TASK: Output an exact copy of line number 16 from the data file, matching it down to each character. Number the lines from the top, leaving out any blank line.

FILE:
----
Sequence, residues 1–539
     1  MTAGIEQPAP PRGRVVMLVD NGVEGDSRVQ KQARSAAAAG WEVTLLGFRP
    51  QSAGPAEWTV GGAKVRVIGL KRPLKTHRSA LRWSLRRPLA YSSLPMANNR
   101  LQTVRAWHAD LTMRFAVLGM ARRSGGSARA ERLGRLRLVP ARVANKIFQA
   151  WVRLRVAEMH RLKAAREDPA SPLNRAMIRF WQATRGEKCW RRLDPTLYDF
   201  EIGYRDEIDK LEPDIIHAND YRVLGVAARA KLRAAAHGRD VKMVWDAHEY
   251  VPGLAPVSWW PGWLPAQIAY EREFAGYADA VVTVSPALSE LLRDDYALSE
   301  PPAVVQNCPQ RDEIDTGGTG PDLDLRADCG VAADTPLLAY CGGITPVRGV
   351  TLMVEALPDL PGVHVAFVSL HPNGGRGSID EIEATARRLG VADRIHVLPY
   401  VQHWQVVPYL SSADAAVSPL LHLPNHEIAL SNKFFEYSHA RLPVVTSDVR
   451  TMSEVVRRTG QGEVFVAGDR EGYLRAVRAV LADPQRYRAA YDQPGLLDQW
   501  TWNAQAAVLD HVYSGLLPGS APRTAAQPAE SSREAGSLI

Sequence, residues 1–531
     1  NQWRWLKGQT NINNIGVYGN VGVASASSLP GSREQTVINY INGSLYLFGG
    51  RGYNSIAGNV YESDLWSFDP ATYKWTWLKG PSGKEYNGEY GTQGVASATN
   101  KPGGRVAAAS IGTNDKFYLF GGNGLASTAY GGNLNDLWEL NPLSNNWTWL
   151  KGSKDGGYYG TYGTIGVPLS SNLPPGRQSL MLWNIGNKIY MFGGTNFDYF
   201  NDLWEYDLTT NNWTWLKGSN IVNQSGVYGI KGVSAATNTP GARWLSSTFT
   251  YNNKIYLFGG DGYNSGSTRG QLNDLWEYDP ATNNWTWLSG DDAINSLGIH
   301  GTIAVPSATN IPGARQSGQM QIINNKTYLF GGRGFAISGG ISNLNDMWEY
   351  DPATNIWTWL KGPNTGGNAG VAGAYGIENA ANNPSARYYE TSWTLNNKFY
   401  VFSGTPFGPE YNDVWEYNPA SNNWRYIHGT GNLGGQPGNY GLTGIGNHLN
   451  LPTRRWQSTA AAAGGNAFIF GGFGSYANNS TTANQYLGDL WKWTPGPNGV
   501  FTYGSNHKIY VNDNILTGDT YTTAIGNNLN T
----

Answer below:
   101  KPGGRVAAAS IGTNDKFYLF GGNGLASTAY GGNLNDLWEL NPLSNNWTWL